The beauty of common people

The beauty of common people

The beauty of common people: keep them boring, or shake things up!

Every story has “common” characters who keep showing up in novels because they may be significant to moving your story along or they may be just there as a mention.

They don’t have any kind of past trauma, and they may not be the lead, they are just as important. For starters, it gives the reader a sense of realism – not everyone lives a dramatic life, and even the people who seem most insignificant in your life can play a huge role. Or, they have the potential to shake things up a bit, particularly in your writing.

And just like in life, if you didn’t have these “common” people who don’t bring drama everywhere they go, it would be boring, right?

How common characters can shake things up

Your common characters could come into your writing by simple name drops. And you have two options – you can keep them as being boring characters who are simply there to add life to the story, OR you could use those characters to shake things up later in the story.

Here’s a few examples:

  • If your novel is about crime, as your story unfolds, perhaps an old friend’s name might come through in your investigation. Your memories of that person are pretty standard – they never did anything exciting, they were simply floating through life without creating issues. But, they could become a central part of the investigation (and perhaps even the killer).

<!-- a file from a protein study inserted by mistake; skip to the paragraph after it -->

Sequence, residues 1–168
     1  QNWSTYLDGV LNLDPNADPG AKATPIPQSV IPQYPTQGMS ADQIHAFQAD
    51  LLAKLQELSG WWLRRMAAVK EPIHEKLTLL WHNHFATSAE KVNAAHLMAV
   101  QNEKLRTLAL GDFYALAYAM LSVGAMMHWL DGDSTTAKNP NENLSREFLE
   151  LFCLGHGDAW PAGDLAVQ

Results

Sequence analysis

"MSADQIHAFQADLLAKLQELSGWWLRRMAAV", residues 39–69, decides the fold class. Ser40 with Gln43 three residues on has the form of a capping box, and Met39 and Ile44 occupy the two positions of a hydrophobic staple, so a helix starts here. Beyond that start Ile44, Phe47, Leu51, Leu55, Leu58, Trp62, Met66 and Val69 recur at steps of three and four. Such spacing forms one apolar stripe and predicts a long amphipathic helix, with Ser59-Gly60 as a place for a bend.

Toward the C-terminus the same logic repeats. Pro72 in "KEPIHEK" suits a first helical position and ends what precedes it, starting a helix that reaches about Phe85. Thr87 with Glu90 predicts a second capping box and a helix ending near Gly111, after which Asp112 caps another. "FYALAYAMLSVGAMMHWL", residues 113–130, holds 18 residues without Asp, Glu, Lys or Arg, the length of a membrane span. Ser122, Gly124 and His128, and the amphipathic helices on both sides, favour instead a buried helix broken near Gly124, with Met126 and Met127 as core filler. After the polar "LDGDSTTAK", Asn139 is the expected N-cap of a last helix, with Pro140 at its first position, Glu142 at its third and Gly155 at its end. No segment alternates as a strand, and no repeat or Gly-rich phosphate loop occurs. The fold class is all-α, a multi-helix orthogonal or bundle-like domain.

• You might consider protagonists workmates. If your character is a CEO of a multimillion-dollar enterprise, there is most likely someone who is instrumental in helping him to achieve his goals but wishes to remain anonymous. If you want to expand on this role later in the novel, you can easily turn the story around so that the workmate is someone who secretly objects to his boss’s moving up the ladder, leaving him behind even though he’s been with the firm for a number of years.
  • There are neighbours who you don’t give the time of day to, however, by a chance meeting they eventually play a significant role in your story. What about the lead’s mother or father-in-law? How would they fit into the story? They could well end up hiding many secrets you discover along the way. This secret will change the whole dynamic of your lead’s relationship making your story even more interesting.

Minor characters

If your novel is a romance, there are many options here for minor characters. Your lead may be a bit of a Lothario and one of his conquests shows up at a most inappropriate time and place. Or an ex-girlfriend whom he may have completely forgotten about, decides to get in touch.

Just remember that your characters don’t always have to be exciting, and they don’t always need to bring drama into the story for them to play a part. Also keep in mind that too many common characters who are simply there for show will slow the story down. So don’t go overboard with the “extras”.

How do you determine common characters?

Have you ever sat in a shopping centre and people-watched? This is a great opportunity to create a minor character for your novel. There might be one person that stands out as memorable, whether it’s the way they’re dressed or their mannerisms, or what they eat. They might be just the character you’re looking for to include in one of your scenes.

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